The first fully automated robotic milking stall was introduced in the Netherlands in 1992. These robot systems enable ‘self-service milking’ by the cow, whereby the milking robot is accessible by the cow without the need for the farmer to be present.
Such use of robotics promises increased milk yields, reduced labour requirements and numerous cow welfare benefits. This new approach to dairy farming has already been proven to increase the cow’s milk yield by as much as 20% as a result of milking 3 or 4 times each day instead of the conventional twice a day approach. Many in the industry are now predicting a dramatic move to robotics on dairy farms over the forthcoming decade. Already, nearly 2,000 farms worldwide have installed a robot milking system.
Existing milking robots use laser-scanning technology to locate the cow’s teats and then guide a conventional robot mechanism to attach automated milking cups to each of the four teats in turn. However, the dairy parlour setting starkly contrasts the clean and controlled environment of the manufacturing plants in which conventional robot systems have evolved. Such robot technology has a difficult transition into dairy farm environments because of vulnerability to dirt and fluids, the need for expensive adaptation to minimise injury risks to the animal, the requirement for regular ongoing maintenance and the low price demanded by farmers. Now, biomimetic robotics is offering an alternative solution.
Taking inspiration from the natural world, biomimetic engineering seeks to mimic the sensory and biological systems found in biology. The combination of advanced sensory perception with organic motion and dexterity enables the development of robots that can operate in complex ‘real world’ environments. IceRobotics is an Edinburgh based company that is applying this new biomimetic paradigm to help increase the range of markets accessible to the robotics industry. IceRobotics has now been approached by the milking equipment industry to use its biomimetic expertise to develop a new generation of automated milking robots that rise to the challenges posed by the dairy farm environment.
In applying the biomimetic paradigm to the teat location problem, the IceRobotics solution uses stereo vision technology to provide three-dimensional coordinate data on the position of cow teats in real time.
Dr. Oliver Lewis, Project Manager at IceRobotics, explains ‘using laser technology to detect cow teats is like using a sledgehammer to crack a nut. The teat cups are attached using a suction mechanism, and so when positioning cups, the robot only requires millimetre accuracy – rather than the sub micron accuracy many laser systems can achieve. At IceRobotics we have developed a stereo vision system using a pair of calibrated low cost CMOS image sensors to locate and track natural point targets. We have now adapted this technology to track cow teats to millimetre accuracy at 10Hz.’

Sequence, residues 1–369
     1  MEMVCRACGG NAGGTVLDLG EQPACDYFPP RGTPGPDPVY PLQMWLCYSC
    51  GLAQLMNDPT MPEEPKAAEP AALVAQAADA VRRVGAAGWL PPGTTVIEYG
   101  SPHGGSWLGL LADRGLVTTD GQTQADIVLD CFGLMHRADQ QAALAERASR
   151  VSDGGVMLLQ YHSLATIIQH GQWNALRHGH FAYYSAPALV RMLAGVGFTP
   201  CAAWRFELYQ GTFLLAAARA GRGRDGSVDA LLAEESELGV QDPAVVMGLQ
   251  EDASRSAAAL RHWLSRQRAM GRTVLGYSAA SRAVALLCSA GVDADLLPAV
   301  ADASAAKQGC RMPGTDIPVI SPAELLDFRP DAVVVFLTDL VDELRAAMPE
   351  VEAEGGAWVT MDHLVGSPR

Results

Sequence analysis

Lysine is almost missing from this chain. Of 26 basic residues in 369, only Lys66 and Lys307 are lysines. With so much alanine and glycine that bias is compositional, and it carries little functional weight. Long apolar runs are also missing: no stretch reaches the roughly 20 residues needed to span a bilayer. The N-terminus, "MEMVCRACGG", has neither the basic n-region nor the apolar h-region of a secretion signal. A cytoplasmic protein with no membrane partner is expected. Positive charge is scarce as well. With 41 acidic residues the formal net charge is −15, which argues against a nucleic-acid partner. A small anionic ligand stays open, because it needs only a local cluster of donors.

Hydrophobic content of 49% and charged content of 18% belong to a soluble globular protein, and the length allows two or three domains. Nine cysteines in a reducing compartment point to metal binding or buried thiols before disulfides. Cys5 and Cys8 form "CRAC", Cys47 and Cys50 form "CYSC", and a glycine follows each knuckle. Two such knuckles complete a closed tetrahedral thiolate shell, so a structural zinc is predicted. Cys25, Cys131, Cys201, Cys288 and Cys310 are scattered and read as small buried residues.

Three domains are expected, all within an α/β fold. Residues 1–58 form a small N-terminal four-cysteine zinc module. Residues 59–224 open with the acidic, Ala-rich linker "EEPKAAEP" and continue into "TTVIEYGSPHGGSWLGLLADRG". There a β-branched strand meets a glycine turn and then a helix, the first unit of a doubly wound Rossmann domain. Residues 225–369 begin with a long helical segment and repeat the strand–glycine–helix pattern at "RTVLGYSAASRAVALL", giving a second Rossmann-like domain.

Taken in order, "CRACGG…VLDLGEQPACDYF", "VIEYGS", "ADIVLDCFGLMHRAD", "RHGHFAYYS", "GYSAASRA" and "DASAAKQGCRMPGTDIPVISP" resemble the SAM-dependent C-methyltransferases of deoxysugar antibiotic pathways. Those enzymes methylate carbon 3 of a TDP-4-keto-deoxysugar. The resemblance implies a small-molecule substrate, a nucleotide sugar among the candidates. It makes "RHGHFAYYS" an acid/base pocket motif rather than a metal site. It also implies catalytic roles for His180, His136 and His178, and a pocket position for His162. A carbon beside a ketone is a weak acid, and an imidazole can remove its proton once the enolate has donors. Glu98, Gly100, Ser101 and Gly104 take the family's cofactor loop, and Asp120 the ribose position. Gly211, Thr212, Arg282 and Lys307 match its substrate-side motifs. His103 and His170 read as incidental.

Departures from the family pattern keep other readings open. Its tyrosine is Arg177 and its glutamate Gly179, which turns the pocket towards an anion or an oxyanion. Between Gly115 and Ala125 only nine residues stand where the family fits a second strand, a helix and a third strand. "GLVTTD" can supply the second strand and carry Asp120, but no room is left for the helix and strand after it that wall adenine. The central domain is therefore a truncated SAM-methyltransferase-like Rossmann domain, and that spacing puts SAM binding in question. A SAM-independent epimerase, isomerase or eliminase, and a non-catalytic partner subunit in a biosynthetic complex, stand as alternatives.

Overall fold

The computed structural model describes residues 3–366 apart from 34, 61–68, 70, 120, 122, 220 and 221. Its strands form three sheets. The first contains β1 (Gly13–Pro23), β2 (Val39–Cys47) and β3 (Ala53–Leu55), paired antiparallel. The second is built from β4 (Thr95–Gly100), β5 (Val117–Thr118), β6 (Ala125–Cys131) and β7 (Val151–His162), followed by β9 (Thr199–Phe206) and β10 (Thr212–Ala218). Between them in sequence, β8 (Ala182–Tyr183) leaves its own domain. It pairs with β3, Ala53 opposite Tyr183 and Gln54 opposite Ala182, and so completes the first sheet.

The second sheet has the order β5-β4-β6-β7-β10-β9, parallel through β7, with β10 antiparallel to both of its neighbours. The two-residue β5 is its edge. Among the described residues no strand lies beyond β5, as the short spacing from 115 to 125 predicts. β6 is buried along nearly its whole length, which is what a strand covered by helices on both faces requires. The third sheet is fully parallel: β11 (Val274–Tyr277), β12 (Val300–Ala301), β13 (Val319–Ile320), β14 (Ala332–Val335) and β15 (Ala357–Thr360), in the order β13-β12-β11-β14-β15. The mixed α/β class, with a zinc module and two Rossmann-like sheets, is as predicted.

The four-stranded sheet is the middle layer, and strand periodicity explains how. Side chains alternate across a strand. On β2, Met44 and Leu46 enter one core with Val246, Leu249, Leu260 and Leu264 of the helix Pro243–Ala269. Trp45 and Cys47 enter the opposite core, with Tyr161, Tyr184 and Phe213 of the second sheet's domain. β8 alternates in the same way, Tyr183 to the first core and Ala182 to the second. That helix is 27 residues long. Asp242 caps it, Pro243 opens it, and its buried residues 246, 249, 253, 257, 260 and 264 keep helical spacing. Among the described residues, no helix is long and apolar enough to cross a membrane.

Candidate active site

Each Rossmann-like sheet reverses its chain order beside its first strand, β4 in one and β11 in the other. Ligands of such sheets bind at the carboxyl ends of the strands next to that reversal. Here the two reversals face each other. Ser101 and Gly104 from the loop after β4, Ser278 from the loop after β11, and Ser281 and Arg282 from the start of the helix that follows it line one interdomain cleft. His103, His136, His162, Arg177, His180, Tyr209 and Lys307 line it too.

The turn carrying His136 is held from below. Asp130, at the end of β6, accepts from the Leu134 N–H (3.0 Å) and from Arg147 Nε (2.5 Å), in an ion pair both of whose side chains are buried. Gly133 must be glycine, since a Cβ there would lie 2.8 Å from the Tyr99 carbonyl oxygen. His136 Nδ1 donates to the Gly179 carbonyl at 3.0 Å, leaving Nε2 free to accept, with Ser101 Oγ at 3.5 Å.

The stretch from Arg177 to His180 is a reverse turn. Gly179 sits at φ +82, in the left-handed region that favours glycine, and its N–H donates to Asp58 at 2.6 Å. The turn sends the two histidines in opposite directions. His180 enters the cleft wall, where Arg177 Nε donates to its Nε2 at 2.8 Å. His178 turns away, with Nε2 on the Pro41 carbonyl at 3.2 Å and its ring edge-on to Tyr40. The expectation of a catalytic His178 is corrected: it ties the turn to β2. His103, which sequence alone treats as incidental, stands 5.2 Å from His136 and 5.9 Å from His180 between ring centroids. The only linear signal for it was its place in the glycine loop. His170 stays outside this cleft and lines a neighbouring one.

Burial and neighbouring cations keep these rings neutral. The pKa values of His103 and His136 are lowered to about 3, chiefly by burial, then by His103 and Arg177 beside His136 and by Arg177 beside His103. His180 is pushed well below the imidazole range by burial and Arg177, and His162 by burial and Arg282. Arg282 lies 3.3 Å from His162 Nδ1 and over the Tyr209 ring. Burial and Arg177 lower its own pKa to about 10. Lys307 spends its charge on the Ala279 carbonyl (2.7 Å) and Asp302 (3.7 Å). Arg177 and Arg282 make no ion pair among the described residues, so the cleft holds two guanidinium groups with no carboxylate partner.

Dr. Lewis sees further possibilities for the cow teat sensor, ‘One disadvantage of fully automated milking is that contact between the farmer and the cow is reduced, making it harder to pick up and treat sick animals at an early stage. By putting cameras into the system, we open up possibilities for automatic visual inspection for cuts and malformations, this could be a key tool in supporting animal health and welfare.’
IceRobotics has also developed the use of flexible actuators as an alternative to the conventional kinematic chain approach to robotics. These actuators produce movements by bending an elastic continuum without the need for additional skeletal structure. Differential air pressure between three parallel flexible actuators, causes bending in any plane perpendicular to the longitudinal axis of the device.
The greater the pressure differential, the larger the deflection of the free end. The original arm, made from convoluted grey polymer tubing, became known as the ‘elephants trunk’. This technology was originally developed at Heriot-Watt University by robotics technologist Dr. Bruce Davies, founder of IceRobotics. Operating in conjunction with the CMOS sensor technology, IceRobotics is now developing the Mimetix actuator for robot systems. This actuator will enable the continuing evolution of the early designs of milking robot into advanced biomimetic service robot solutions which can reliably perform a wide range of tasks on the dairy farm, including teat cleaning prior to milking, the placing and removal of milk cups, and post-milking teat disinfection. Furthermore, biomimetic components will be replaceable at very low cost, introducing the potential for disposable robot arms and end-effectors in the interests of animal health and food hygiene.
The use of biomimetics on dairy farms heralds a new era not only in dairy farming but also in the robotics industry at large. Biomimetic technology offers the potential to greatly extend the current boundaries of robotics beyond traditional industrial environments. With capability for direct and safe interaction with people and animals, a new breed of robot is now on the horizon.